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American films

Film review: Three Billboards Outside Ebbing, Missouri is the first unmissable title of 2018

Director Martin McDonagh interweaves grief, humour, honesty and stylised thrills in this unpredictable and yet totally relatable tale; Sam Rockwell’s incompetent, racist sheriff’s deputy stands out in an impeccable ensemble cast

PUBLISHED : Tuesday, 16 January, 2018, 10:58am
UPDATED : Tuesday, 20 February, 2018, 4:32pm

5/5 stars

Distantly evoking the most nihilistic qualities of the Coen Brothers’ brand of small-town noir, Martin McDonagh’s Three Billboards Outside Ebbing, Missouri arrives in Hong Kong cinemas with a fistful of Golden Globes, and has emerged as an early favourite to win this year’s best picture Oscar.

Months after the brutal rape and murder of her teenage daughter, grieving mother Mildred (Frances McDormand) rents out three giant billboard ads, lambasting the local sheriff (Woody Harrelson) for failing to make a single arrest. Her actions turn the police department and most of the community against Mildred, as events quickly escalate in violent, unexpected directions.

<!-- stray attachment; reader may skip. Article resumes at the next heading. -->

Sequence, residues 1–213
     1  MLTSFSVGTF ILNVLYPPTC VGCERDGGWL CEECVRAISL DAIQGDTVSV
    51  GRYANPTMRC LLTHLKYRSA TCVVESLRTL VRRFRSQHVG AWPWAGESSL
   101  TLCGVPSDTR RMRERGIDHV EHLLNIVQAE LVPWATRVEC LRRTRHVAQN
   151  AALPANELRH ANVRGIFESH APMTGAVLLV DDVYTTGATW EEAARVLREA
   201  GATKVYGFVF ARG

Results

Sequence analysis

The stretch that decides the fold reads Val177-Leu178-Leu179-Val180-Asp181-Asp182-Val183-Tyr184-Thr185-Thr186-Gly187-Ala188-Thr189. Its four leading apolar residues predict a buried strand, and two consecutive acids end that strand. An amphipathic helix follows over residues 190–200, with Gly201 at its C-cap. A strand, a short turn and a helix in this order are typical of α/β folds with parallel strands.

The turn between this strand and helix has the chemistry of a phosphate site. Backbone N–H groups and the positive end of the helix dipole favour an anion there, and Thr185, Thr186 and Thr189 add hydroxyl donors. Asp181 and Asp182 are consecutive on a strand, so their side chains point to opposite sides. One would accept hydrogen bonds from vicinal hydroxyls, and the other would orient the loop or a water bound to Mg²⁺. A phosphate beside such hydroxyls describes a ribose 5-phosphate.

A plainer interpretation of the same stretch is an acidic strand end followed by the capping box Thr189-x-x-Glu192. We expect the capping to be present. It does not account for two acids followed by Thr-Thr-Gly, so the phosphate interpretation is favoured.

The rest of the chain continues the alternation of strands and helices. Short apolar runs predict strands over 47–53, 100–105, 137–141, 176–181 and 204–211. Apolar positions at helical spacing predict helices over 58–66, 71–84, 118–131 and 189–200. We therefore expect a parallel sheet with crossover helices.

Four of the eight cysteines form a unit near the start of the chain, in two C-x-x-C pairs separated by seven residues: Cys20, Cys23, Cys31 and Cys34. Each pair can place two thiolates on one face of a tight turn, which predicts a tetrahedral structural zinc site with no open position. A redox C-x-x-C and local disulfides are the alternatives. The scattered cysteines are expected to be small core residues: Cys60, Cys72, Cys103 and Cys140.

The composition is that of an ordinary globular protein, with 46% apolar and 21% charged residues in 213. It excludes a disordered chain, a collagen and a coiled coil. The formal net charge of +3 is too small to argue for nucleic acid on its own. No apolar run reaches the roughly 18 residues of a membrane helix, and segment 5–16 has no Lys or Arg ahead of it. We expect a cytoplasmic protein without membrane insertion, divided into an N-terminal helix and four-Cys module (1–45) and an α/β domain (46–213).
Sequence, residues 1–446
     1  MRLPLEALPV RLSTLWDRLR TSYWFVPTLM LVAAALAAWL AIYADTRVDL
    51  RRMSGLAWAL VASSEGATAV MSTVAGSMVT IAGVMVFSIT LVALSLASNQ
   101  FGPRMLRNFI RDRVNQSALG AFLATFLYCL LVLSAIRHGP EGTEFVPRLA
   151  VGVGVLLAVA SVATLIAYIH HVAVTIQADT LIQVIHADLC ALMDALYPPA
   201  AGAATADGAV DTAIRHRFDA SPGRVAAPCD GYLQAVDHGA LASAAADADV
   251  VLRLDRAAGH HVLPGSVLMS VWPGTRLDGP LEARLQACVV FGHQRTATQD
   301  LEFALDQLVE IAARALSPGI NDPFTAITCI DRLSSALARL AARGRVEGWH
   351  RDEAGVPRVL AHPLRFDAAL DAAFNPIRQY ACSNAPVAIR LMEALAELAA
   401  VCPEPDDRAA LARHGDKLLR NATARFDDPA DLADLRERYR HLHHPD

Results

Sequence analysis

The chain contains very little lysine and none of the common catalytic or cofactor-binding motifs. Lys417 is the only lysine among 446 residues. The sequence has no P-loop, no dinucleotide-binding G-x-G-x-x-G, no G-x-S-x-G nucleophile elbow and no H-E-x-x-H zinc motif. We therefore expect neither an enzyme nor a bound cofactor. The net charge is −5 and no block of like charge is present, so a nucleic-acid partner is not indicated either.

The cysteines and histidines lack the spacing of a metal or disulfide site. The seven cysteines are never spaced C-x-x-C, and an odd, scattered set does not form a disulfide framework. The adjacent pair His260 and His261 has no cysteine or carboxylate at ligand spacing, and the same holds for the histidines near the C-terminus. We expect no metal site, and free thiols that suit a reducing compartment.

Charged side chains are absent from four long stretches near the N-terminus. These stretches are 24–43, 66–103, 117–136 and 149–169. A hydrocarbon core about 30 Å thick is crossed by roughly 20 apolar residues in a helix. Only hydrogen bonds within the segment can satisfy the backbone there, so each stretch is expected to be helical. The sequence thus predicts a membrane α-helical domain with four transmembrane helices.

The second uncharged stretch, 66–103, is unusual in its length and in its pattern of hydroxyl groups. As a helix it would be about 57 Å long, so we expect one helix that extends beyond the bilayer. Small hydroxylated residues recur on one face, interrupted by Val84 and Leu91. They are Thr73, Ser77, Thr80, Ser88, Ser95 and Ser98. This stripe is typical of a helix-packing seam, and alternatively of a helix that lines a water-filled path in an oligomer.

A story of desperation and revenge as darkly funny as it is tragically bleak, Three Billboards expertly undermines expectations, pushing characters far beyond their traditional archetypes. McDormand, never better, imbues Mildred with an unstoppable strength and determination, while Harrelson’s sheriff remains sympathetic to her plight despite public criticism.

Three Billboards Outside Ebbing, Missouri backlash: critics attack the Oscar front-runner

It is Sam Rockwell’s incompetent, racist deputy, however, who truly stands out in an impeccable ensemble cast that also includes Peter Dinklage, Caleb Landry Jones and John Hawkes.

As achieved so expertly in his debut In Bruges, McDonagh interweaves grief, humour, honesty and stylised thrills into a rich narrative tapestry that is at once unpredictable and wholly relatable. The film touches on many pertinent issues, from a distrust in authority to demanding justice for sexual violence, while insisting that people be recognised as more than merely their worst attributes.

All being told, Three Billboards is close to perfect – and the first unmissable film of the year.

Three Billboards Outside Ebbing, Missouri opens on January 18

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